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© Michel-Robert Popoff
Clostridium difficile en microscopie à contraste de phase. On distingue des bactéries sporulées, non sporulées et d'autres en cours de lyse (destruction). Bactérie de l'environnement (sol, eau, foin, sable), elle est à l'origine d'infections nosocomiales survenant après un traitement antibiotique : Clostridium difficile prédomine alors que les autres bactéries de la flore intestinale ont été détruites. L'infection peut provoquer deux types de pathologies graves : les colites pseudo-membraneuses dont l'origine est quasiment due à 100 % à C. difficile et la diarrhée post-antibiothérapie due à C. difficile dans 30 % des cas de ces diarrhées.
Publication : Journal of molecular biology

Interactions of wild-type and truncated LevR of Bacillus subtilis with the upstream activating sequence of the levanase operon

Scientific Fields
Diseases
Organisms
Applications
Technique

Published in Journal of molecular biology - 12 Aug 1994

Martin-Verstraete I, Débarbouillé M, Klier A, Rapoport G

Link to Pubmed [PMID] – 8057358

J. Mol. Biol. 1994 Aug;241(2):178-92

Transcription of the levanase operon of Bacillus subtilis is controlled by LevR, an activator of the NifA/NtrC family of regulators. An upstream activating sequence (UAS) located in a 16 bp palindromic structure has previously been characterized. LevR was overproduced in B. subtilis and interaction between the activator and the UAS was demonstrated by gel shift and footprint experiments. The LevR protein specifically binds to the two-halves of the palindromic structure centered at -125 bases upstream from the transcriptional start site. In addition, footprint analysis suggests that LevR interacts with a third DNA region located at positions -90 to -80. To investigate the function of the different domains of the LevR activator, stop codons were introduced at various positions in the levR gene. The ability of the truncated LevR polypeptides to activate transcription, to respond to the inducer or to interact with the UAS was tested. The results obtained suggest that LevR is a multidomain protein. The amino-terminal part of the protein is required for DNA binding whereas the central domain allows the activation of transcription. The carboxy-terminal region is involved in the modulation of the LevR activity by the inducer.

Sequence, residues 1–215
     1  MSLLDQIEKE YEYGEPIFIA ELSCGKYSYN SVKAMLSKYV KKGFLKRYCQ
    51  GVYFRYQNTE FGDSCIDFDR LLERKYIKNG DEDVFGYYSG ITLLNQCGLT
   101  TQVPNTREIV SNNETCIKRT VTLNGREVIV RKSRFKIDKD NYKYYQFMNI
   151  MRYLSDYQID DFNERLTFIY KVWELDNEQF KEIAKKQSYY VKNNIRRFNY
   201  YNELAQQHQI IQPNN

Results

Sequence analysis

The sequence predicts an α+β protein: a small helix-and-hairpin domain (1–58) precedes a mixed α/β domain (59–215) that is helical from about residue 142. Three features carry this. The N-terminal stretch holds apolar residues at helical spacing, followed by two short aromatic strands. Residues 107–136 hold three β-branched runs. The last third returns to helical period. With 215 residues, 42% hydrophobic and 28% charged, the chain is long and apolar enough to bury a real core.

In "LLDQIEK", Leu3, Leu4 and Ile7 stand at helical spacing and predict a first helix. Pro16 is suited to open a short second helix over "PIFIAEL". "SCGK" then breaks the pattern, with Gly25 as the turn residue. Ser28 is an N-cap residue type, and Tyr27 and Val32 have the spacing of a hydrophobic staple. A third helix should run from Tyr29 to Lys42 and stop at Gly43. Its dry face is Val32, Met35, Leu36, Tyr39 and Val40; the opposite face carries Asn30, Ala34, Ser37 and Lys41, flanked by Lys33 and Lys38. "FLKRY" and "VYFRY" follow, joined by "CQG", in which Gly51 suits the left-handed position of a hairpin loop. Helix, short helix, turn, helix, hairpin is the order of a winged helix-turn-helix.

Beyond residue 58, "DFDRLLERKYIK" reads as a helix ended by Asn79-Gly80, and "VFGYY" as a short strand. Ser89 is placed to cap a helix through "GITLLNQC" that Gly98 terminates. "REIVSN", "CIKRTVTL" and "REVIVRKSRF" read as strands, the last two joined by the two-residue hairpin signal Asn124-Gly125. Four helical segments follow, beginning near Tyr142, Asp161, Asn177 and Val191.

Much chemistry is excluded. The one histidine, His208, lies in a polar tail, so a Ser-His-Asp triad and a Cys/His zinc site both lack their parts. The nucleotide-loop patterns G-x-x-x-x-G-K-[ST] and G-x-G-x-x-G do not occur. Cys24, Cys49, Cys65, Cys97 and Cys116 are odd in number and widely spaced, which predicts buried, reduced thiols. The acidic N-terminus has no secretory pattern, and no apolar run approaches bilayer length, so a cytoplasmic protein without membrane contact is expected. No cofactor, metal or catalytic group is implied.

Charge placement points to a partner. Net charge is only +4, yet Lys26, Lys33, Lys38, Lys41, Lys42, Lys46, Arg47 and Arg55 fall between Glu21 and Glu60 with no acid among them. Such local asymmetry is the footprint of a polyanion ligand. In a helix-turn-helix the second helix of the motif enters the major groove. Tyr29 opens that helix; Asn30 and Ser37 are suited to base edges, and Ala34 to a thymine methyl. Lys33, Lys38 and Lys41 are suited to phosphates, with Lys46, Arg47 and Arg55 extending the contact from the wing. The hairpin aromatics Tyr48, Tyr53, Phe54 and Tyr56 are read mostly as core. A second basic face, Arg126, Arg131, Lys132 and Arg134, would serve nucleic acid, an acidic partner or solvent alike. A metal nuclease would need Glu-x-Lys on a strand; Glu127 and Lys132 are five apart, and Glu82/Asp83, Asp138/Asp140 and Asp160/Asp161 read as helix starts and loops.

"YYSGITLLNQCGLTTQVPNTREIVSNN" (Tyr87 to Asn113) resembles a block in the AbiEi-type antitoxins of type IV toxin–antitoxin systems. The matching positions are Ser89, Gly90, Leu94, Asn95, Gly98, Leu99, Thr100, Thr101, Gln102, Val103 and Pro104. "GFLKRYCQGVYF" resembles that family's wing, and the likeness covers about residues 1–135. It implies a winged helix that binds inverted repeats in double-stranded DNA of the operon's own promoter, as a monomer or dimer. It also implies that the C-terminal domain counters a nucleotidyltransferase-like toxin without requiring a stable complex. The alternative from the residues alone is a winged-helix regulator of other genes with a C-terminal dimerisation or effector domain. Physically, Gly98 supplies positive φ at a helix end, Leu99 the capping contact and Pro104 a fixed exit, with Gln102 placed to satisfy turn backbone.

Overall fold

http://www.ncbi.nlm.nih.gov/pubmed/8057358